'The Hillary Papers' have been described as portraying a politically unflattering portrait of Mrs. Clinton, a possible 2016 presidential candidate. Now, partisans are divided on whether such bits could damage her image.
Do "The Hillary Papers” contain damaging revelations or just the same old stuff? That’s a question dividing D.C. partisans in the wake of the publication of a trove of memos and archive material from Diane Blair, a longtime friend of ex-Secretary of State Hillary Rodham Clinton's who died in 2000.
Ms. Blair, a political scientist and author, had planned to write a book from the papers. That never happened. Instead, they were deposited at the University of Arkansas. Contents of the papers were first made public late Sunday by the Washington Free Beacon, a conservative news site.
The Free Beacon describes the documents as portraying a politically unflattering portrait of Mrs. Clinton, a possible 2016 presidential candidate. For instance, it leads with a 1992 memo from Bill Clinton’s pollsters that mused about ways to improve the image of his wife.
Voters admired her intelligence, drive, and fortitude, the memo said. But she was off-putting to some, particularly older, male voters.
“What voters find slick in Bill Clinton, they find ruthless in Hillary,” the memo said.
Papers published by the Free Beacon also contained notes written by Blair from conversations with Clinton in which the latter said that her husband’s dalliance with Monica Lewinsky was a terrible personal failure on his part, but that it had been a mutual affair and that Bill had tried to cut it off, seeing how dangerous it was.
Blair noted that Mrs. Clinton described Ms. Lewinsky as a “narcissistic loony tune.”
The political scientist also wrote that Clinton felt “managed competition” health-care reform would not work, while government-run “single payer” health care, and perhaps an expanded Medicare, was the best way to go.
Will these bits damage Clinton’s image on the eve of a 2016 run? On the right-leaning "Hot Air" site, Ed Morrissey writes, “For those looking for nuggets of embarrassment gold from the Clinton Era, this is pay dirt.”
But, he adds, the past is past, and the GOP is better off focusing on Benghazi and more current Clinton material to lower her poll numbers.
“The problem with Hillary isn’t her cut-throated approach to politics. It’s that she’s incompetent,” Mr. Morrissey writes.
Many voters don’t think Clinton incompetent, given her sky-high poll numbers, other pundits point out. And in some ways, her past is her present. If she runs, her extensive résumé would make her unlike any previous presidential contender. She can’t wave it away.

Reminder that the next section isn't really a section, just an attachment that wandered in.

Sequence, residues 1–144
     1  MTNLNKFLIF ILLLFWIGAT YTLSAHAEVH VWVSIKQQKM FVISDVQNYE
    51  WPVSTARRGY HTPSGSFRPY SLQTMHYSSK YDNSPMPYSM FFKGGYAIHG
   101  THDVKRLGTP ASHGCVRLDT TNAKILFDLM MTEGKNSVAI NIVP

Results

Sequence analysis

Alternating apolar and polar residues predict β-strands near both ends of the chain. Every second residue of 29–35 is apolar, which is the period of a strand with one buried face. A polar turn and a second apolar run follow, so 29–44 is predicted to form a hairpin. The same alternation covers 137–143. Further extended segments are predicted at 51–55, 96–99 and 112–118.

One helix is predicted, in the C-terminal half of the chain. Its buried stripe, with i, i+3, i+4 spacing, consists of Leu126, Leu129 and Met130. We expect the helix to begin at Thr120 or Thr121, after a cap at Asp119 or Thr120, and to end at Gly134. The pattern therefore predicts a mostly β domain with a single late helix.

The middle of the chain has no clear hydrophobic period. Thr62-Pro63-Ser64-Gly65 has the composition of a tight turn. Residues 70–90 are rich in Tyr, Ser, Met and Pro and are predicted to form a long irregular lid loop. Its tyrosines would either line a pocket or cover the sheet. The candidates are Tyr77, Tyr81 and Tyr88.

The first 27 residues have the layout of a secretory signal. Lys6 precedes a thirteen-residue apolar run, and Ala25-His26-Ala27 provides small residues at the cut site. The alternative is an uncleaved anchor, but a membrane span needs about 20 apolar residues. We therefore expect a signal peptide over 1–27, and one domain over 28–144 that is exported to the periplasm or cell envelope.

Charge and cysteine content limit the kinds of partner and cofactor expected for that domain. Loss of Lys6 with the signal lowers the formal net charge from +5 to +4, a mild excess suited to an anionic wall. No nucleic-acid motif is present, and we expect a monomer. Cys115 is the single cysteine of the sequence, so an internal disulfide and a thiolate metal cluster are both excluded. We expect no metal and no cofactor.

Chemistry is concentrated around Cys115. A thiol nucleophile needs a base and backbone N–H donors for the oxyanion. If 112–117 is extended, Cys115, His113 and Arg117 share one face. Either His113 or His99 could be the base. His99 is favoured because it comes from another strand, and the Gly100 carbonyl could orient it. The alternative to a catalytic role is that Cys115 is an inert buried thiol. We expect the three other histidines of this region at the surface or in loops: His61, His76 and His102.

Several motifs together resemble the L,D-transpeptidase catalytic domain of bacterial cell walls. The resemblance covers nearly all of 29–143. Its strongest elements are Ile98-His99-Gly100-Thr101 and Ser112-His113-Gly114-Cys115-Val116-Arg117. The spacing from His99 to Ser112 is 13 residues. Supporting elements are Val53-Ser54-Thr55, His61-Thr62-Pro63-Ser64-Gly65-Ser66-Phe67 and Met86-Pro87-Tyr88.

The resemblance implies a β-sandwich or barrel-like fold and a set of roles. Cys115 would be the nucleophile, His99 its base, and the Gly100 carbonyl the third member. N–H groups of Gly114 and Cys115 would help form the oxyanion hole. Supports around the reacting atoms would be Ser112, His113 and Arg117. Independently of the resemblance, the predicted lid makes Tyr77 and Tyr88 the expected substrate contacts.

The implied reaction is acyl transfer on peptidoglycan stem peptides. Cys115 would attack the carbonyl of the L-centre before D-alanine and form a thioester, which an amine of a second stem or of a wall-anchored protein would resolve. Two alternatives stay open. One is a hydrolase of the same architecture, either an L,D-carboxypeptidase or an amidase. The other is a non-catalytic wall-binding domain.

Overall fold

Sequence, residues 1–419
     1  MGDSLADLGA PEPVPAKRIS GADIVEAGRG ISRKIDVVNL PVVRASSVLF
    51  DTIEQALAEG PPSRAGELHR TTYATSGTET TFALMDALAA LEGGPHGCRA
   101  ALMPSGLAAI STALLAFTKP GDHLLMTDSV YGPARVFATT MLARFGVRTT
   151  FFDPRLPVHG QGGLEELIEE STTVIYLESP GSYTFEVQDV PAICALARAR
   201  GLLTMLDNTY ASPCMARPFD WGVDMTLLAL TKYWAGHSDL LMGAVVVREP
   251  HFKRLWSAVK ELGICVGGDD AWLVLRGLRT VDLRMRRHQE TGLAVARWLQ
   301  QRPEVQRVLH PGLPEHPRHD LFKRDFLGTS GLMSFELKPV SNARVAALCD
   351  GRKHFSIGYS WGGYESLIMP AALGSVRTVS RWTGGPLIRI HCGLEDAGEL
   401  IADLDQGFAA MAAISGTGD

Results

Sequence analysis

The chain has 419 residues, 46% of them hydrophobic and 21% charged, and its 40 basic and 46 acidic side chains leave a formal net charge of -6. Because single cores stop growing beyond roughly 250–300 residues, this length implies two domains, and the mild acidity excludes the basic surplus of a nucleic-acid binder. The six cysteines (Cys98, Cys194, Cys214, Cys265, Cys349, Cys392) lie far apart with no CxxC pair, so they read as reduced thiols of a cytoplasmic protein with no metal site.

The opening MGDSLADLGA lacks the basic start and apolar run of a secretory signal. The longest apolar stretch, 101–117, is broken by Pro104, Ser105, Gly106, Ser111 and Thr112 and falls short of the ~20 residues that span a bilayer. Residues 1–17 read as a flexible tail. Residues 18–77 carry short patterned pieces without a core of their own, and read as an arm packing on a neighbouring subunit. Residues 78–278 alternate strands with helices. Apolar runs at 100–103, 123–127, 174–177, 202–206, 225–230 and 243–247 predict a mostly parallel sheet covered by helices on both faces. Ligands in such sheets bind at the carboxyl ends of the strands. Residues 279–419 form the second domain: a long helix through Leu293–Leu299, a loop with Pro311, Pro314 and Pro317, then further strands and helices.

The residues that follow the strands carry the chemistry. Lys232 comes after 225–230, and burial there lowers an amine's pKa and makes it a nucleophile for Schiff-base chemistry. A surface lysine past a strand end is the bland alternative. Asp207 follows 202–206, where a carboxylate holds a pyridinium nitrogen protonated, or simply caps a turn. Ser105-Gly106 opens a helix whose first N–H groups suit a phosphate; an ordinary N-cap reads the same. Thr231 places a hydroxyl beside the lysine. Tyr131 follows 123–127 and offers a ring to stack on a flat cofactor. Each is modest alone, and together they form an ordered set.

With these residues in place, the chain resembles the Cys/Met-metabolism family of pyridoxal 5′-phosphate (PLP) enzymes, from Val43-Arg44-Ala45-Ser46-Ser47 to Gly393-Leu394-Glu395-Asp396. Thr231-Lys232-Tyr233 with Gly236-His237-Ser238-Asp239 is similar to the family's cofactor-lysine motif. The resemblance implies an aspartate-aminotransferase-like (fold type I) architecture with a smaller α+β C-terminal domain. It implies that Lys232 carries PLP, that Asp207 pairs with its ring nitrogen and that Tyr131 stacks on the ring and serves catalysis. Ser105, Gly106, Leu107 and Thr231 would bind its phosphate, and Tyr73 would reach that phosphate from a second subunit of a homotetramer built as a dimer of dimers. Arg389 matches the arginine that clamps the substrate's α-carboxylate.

In a general election against Clinton, a Republican nominee would almost certainly argue that he or she represents the future, and Clinton the past, writes Washington Post political expert Chris Cillizza in "The Fix." The publication of "The Hillary Papers” only highlights how the GOP could use this to depict her in a negative way.
“The biggest hurdle for Hillary Clinton as she contemplates another White House bid in 2016 can be effectively summed up by Timon, the meerkat from ‘The Lion King’: ‘You’ve got to put the past behind you,’ ” Mr. Cillizza writes.
That said, there is actually little evidence that voters get tired of presidential candidates who have been public figures for decades. “Clinton fatigue” may strike mostly those voters who were against them from Bill’s first day in the White House.
Ronald Reagan was elected president in 1980, which was 30 years after he began making political speeches, writes University of Denver political scientist Seth Masket at the "Mischiefs of Faction" political science blog.
Lyndon Johnson won a landslide victory in 1964, which was 28 years after he entered the public eye as a member of Congress, later becoming a senator and vice president.
Bob Dole and Walter Mondale both won major-party presidential nominations after decades of political service.
“[A]ssuming [Clinton] wants and gets the Democratic nomination for 2016, she will be subject to the same forces that have determined the successes and failures of previous party nominees: prosperity, peace, moderation, and, to a lesser extent, her skills as a campaigner relative to her opponent’s. Those, and not her freshness, will determine that election’s outcome,” Mr. Masket writes.